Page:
'Fake census' officers may be criminally liable
Commissioner will head a task force looking into claims answers were fabricated over 10 years
Lo Wei and Colleen lee
Frontline census officers accused of faking answers in an apparent bid to speed up their work could be criminally liable, and the commissioner says she will lead a task force investigating the case.
But lawmakers said the Census and Statistics Department probe was not enough and called for an independent inquiry.
It came after reports in Ming Pao newspaper alleging that as many as nine out of 10 frontline offers fabricated answers over the past 10 years to improve efficiency - and their performance reports. Former officers said it was common practice to make up answers, and that errors found in household survey interviews were often ignored.
The allegations have sparked fears that policies and decisions concerning resource allocation have been, and will be, made based on false numbers.
One former officer, responsible for general household surveys, said that when he did telephone interviews following up on information collected from field surveys, he found deviations, but they were ignored.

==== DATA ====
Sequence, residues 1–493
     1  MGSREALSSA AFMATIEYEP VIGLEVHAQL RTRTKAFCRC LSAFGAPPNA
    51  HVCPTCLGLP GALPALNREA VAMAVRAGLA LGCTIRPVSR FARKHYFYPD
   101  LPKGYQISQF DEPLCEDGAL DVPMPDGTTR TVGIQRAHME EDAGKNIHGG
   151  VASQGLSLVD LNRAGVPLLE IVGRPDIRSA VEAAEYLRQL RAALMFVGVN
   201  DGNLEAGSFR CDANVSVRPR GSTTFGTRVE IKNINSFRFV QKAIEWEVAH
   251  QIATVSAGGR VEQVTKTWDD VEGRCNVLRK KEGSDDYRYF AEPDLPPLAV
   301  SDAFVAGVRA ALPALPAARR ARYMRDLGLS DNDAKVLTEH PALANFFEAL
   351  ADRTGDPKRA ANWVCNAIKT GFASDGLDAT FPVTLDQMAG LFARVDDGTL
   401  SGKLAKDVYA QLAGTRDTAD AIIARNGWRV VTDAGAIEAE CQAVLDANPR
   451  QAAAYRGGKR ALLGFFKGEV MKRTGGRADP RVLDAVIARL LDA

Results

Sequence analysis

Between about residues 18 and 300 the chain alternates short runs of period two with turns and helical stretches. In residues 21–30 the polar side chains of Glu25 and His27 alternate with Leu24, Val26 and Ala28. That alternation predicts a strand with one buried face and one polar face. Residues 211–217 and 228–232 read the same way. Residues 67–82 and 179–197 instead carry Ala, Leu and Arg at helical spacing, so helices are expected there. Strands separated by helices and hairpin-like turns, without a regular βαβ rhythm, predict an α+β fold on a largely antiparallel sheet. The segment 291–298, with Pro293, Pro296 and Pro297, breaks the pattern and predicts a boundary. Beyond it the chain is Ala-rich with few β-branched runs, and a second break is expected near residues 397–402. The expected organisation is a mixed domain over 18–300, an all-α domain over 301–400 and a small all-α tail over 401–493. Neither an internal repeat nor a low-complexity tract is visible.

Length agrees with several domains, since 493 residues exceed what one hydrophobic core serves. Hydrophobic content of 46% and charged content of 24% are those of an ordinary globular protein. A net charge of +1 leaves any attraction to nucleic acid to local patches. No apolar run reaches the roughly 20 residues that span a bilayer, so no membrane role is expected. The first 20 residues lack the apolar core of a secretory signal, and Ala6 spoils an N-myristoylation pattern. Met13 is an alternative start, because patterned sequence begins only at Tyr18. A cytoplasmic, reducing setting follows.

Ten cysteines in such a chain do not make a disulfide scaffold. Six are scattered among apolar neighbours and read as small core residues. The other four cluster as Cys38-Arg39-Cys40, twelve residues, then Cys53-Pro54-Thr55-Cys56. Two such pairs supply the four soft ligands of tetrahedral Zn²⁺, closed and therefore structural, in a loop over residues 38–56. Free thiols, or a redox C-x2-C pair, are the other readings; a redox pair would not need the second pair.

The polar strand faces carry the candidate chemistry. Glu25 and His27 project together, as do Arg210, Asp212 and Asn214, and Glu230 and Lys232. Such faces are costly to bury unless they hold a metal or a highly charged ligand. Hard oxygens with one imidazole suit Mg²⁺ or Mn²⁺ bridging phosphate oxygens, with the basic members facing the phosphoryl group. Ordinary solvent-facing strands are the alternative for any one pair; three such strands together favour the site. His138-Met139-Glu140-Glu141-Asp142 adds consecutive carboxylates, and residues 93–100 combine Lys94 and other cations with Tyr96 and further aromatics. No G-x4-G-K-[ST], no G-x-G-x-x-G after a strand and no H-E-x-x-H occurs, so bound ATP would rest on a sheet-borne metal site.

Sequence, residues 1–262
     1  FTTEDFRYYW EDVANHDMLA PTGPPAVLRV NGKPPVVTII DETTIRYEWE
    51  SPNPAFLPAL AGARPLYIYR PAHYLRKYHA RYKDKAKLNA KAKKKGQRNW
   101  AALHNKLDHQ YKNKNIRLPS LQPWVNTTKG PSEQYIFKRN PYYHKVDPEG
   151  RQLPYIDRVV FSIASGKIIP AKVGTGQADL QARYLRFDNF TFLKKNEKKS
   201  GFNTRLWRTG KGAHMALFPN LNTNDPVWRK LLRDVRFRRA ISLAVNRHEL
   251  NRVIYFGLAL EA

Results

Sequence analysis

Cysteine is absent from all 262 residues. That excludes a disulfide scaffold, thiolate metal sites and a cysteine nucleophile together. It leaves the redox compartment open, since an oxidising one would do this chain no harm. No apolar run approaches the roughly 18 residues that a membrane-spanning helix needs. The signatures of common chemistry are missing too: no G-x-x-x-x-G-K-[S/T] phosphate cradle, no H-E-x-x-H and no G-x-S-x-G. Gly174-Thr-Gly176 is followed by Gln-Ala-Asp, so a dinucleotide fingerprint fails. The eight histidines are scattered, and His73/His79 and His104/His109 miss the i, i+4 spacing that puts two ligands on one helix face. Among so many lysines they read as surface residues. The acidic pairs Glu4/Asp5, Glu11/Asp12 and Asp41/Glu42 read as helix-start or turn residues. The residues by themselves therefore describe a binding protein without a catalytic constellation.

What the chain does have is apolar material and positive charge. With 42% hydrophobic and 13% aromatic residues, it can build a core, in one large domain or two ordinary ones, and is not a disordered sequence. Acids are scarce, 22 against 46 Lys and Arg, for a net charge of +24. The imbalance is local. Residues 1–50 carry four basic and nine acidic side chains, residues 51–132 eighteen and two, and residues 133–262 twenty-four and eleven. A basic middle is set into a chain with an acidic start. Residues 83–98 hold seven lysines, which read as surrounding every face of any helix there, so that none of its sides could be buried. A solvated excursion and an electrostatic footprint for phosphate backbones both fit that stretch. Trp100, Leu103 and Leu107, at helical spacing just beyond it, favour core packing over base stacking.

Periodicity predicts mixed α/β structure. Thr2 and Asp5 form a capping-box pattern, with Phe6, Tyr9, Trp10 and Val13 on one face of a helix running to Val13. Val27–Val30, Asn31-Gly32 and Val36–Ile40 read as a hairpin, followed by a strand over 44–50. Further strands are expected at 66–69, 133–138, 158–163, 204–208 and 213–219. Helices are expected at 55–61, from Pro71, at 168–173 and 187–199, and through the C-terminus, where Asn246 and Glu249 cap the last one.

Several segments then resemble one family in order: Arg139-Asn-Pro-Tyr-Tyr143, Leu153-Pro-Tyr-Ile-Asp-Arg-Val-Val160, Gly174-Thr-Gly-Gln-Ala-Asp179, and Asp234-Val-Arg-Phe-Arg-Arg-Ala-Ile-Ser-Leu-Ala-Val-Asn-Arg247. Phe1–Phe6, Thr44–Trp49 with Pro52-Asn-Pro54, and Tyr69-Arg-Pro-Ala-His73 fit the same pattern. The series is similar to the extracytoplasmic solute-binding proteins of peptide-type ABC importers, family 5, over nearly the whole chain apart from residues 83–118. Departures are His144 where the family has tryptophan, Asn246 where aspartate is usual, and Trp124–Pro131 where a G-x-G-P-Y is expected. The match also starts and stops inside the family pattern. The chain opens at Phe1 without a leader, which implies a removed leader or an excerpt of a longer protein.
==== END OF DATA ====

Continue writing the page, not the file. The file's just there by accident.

"My interviewee would not say whether she was a housewife and whether she was seeking employment, but [the field interviewer] had written that she was a housewife and not seeking employment," the officer told a radio programme yesterday. He said he informed his boss of the discrepancies and was told: "You can't complain about this. This is just how they do it, just ignore it."
The officer believed some officers faked answers to lift their success rates up to 97 per cent, which helped with promotion.
Section 19 of the Census and Statistics Ordinance states that any census officer who knowingly makes any false return or alters any particular contained in the document with intent to falsify it commits an offence. Offenders convicted of the crime could be jailed for six months and fined of up to HK$5,000.
Commissioner for Census and Statistics Lily Ou-yang Fong said she would chair a department task force to look into the matter. It also included an independent member of the Statistics Advisory Board. A report would be submitted to the secretary for financial services and the treasury, but she did not say when.
A Financial Services and the Treasury Bureau spokeswoman said it would not refer any case to the police until the investigation was completed.
Civic Party lawmaker and senior counsel Ronny Tong Ka-wah said if the allegations were true, the officers could have committed a criminal offence. He and several other lawmakers called for an independent investigation.
Professor Paul Yip Siu-fai of the University of Hong Kong said if data was inaccurate resources may have been misallocated.